If you’re willing to sacrifice image quality for increased storage space, then feel free to send only low-res photos to the cloud. But if you want to hold onto every pixel, or prize image quality above everything, storing photos in their original format and paying the premium of a few bucks each month might be worth it.

Steady yourself — or use a tripod

If your shots of the city skyline look a little off-kilter, or your images during sunset seem a bit blurry, you should familiarize yourself with the photographer’s most useful tool: the tripod. “A good tripod … is absolutely essential, but for smartphone photographers it is usually left out,” says Morgado.

Sure, a steady hand is always better than a shaky one, but neither can match the tripod’s versatility when it comes to putting your own spin on your photos. “It gives you an amazing range of new techniques and photography styles: long-exposures, time-lapse, low light photography, light painting and many many other uses.”

Pocket-sized tripods are perfect for smartphone photography, and are often device-agnostic, meaning you can use it with almost any phone. You can even purchase smartphone cases with built-in mounting threads to stick them on more professional tripods or other camera accessories like shoulder straps.

Go remote with a shutter button

Hate setting a timer and sprinting into frame only to get an awful picture out of it? Sounds like you need a remote shutter, an ideal accessory for shooting images that require a more steady hand, or self-portraits. “Tapping the screen, no matter how careful you are, it will cause vibrations that will affect your photography,” says Morgado, whose architecture photography often requires long exposures. “It is a no-brainer for long exposures and night photography and it will for sure improve your technique.”

Some devices, like Samsung’s Galaxy Note series of smartphones, feature an included stylus that doubles as an inconspicuous remote shutter button, and can be concealed in your hand or pocket when you’re ready to take the shot. Not an Android fan? Remote shutters are pocketable, inexpensive, and connect to your phone via Bluetooth.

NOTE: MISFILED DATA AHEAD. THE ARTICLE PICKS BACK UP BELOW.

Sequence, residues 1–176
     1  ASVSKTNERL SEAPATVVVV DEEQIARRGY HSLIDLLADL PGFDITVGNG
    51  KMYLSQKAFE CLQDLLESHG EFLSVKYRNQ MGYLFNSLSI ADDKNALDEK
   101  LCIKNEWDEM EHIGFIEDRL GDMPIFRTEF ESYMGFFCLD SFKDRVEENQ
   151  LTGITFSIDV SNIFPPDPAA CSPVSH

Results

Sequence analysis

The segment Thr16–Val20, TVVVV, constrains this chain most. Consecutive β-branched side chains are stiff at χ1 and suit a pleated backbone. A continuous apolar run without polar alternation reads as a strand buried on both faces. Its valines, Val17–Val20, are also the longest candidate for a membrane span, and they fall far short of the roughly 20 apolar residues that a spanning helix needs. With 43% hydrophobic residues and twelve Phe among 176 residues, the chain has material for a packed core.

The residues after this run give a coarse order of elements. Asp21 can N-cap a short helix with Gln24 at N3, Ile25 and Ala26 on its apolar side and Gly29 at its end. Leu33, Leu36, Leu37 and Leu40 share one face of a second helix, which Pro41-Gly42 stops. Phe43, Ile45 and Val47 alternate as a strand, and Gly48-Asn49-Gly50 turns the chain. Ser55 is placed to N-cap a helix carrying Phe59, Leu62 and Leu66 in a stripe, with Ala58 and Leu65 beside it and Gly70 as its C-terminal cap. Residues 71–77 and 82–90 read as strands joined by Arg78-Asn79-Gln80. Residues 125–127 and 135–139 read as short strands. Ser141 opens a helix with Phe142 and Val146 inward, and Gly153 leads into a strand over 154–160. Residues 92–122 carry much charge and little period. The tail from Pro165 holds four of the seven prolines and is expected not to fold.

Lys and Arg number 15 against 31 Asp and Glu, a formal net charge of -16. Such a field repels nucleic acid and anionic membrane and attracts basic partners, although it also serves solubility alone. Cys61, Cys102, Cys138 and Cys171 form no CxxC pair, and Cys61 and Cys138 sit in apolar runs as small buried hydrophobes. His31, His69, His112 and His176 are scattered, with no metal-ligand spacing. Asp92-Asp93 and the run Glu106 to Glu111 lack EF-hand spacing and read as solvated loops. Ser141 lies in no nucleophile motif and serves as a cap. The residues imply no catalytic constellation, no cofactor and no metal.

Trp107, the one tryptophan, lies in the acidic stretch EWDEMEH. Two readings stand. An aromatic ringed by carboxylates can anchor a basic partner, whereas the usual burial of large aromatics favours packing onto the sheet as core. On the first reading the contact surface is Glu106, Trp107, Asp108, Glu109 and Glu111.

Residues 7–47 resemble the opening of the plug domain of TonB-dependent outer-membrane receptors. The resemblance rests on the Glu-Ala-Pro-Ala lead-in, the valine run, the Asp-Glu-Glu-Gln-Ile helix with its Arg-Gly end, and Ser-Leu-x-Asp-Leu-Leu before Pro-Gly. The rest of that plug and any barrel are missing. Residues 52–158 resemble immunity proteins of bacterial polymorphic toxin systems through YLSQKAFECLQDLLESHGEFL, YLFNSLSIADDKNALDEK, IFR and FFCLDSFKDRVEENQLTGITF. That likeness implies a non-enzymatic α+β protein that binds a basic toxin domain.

Or tell your (Android) phone to take a picture

Since your smartphone’s already constantly listening, waiting for you to demand its attention, why not make it take your selfies, too?

On Android smartphones, you can ask your Google Assistant to take a photo, selfie, or timed image and watch your smartphone open the camera app. On Google’s Pixel smartphones, you can have Google automatically detect the perfect moment for a photo, be it a big smile or a kiss, thanks to its AI-powered face detection features like Top Shot and Photobooth.

On iOS, Siri will open the camera app for you, though you’ll have to press the button yourself.

Experiment with exposure

Exposure can make or break any photo, and is the difference between showcasing a subject in all their splendor, or ending up with a shot that leaves them looking like a shadow of their real self. “Always tap the screen to lock focus on the subject you’re photographing,” says Oji. “This is particularly useful when shooting people against skies. It prevents you from having dark images.”

Of course, if that’s the artistic look you’re hoping to showcase to all of your followers, there’s an easy fix. “If you want silhouettes, just tap the sky, to underexpose your subjects.”

Portrait Mode works when there’s light

Using any device’s “portrait mode” feature, which simulates the shallow depth of field found in photos shot on professional cameras, will usually net you a more visually appealing shot. “It’s better for taking portraits of people,” says Oji.

While everyone loves the look of a photo from an expensive “real” camera, relying on it too much can hurt more than it helps, especially if your environment isn’t exactly conducive to portrait shots, like in dimly lit rooms. “But if you’re using an iPhone, use portrait mode only when you have sufficient light.”

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Write to Patrick Lucas Austin at patrick.austin@time.com